In commercial settings, easements can benefit neighboring properties for underground parking, above ground air or view rights, etc. I can use the underground portion of a neighboring property and they can still have a building, a park or more parking on the surface of the adjoining land.
In many jurisdictions, including King County, development rights can be removed from one property and added to another property. The burdened property is then restricted permanently from all or a portion of future development. The benefitted property receives the right to a more dense development.
From a government perspective, most agencies only acquire sufficient property absolutely necessary to “build, operate and maintain” their capital project. You as a taxpayer don’t want them to spend any more than they have to either.
In a few cases, a project requires a capital project to purchase fee simple rights, such as restricted access highways. Examples of this are Interstate 5 or the underground highway tunnel. Those are typically fee simple purchases. More often a public entity or utility wants to limit the damage and expense created by a fee simple purchase, so they acquire easements.
From a commercial perspective, it’s all about costs. A commercial project may need only a small portion of land from an adjoining property for an access easement, nothing more. An easement limits the commercial developer’s costs and the property impacts. Everybody wins.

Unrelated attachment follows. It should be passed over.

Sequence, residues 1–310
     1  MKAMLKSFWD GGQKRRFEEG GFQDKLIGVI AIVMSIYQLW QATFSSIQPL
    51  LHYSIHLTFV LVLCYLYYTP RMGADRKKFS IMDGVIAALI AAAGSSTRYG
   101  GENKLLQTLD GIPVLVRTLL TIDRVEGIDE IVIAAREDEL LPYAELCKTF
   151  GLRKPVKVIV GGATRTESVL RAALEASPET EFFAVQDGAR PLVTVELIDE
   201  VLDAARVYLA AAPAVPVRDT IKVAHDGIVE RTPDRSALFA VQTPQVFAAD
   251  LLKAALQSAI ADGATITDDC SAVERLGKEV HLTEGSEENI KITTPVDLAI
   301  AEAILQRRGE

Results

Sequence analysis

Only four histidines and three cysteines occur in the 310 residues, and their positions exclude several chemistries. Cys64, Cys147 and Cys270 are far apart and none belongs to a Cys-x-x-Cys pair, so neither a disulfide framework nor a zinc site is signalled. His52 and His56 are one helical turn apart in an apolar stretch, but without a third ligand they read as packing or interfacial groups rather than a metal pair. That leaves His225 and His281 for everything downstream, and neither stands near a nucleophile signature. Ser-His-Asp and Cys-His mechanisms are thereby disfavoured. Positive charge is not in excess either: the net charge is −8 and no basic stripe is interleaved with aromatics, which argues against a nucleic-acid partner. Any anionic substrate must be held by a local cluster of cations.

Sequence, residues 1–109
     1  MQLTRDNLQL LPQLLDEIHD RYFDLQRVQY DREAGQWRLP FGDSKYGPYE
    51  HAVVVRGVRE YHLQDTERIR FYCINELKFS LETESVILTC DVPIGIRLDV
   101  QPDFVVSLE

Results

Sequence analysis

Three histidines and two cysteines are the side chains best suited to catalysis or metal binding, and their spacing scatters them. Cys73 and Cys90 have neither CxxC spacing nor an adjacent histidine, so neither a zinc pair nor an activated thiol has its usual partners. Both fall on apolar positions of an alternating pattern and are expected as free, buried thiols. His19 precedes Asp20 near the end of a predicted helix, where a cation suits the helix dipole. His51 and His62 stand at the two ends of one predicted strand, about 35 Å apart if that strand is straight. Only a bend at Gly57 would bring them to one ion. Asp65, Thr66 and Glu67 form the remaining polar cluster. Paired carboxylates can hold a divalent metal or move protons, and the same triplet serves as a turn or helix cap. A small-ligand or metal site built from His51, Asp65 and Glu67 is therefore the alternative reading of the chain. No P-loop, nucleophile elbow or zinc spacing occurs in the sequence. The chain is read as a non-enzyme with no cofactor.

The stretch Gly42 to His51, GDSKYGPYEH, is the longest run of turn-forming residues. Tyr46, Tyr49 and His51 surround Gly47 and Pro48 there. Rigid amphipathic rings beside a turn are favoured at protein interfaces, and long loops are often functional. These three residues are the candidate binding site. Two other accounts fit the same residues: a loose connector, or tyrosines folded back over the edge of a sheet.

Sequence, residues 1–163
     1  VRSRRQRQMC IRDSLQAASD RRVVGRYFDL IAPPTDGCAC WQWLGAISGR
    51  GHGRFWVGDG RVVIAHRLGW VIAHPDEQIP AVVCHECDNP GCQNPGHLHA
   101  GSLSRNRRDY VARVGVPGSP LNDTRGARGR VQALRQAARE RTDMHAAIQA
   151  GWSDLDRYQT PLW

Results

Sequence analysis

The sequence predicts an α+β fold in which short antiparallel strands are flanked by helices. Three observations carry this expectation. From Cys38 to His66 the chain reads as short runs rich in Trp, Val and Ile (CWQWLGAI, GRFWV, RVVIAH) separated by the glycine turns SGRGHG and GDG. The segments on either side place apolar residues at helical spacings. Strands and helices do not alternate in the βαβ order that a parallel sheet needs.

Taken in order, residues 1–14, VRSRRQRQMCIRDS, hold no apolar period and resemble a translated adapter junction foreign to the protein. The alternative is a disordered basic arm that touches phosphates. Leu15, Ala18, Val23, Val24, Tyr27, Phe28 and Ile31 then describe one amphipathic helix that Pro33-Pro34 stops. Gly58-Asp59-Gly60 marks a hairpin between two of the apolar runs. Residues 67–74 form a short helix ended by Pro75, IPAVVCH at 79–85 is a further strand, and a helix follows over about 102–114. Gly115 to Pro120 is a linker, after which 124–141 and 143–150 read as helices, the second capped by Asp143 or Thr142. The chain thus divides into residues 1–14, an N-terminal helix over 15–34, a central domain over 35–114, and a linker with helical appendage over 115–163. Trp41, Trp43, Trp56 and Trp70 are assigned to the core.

Contamination? Think easement
Environmentally challenging properties are another great opportunity to use easements to structure your transaction. If you don’t want to hold a possessory interest in a contaminated property, first buy an easement. You can purchase development rights on the property and secure an easement on the title. You then place funds in escrow to clean up the site, before purchasing the remaining underlying fee interest to the clean property.
Think about crafting an easement in terms of what they allow or what they restrict. If a driveway easement allows ingress and egress to a single-family residential lot, then you can’t build an apartment relying on this access. If a restrictive easement says you can only use the property for recreational public access trails, then you may not be able to build a house and use the “trail” for your driveway.
The key to successful use of easements in your transactions is first determining your purpose of the property rights you need. What are you trying to grant or restrict on a given property? Next, hire professionals that understand the difference between an easement and a fee simple purchase. There are attorneys, appraisers and negotiators that know the difference. You may need a surveyor or someone to describe a portion of a whole parcel. Work with a good title/escrow company who again understands partial conveyances of real estate.
There are not as many easements transacted as fee simple transfers. You may have to walk someone through the purpose of your transaction.
If you own a property interest, you can convey a portion of it to someone else for a given purpose, as long as it is legal of course! Easements provide creative, less expensive alternates to fee simple transactions in many ways. Consider easement solutions to your complex real estate transactions.
Faith A. Roland, SR/WA, is CEO of Roland Resources, a WBE/DBE consulting firm specializing in public infrastructure real estate transactions for public and private entities. She is past international president of the International Right of Way Association and is a certified instructor, teaching negotiating and management skills.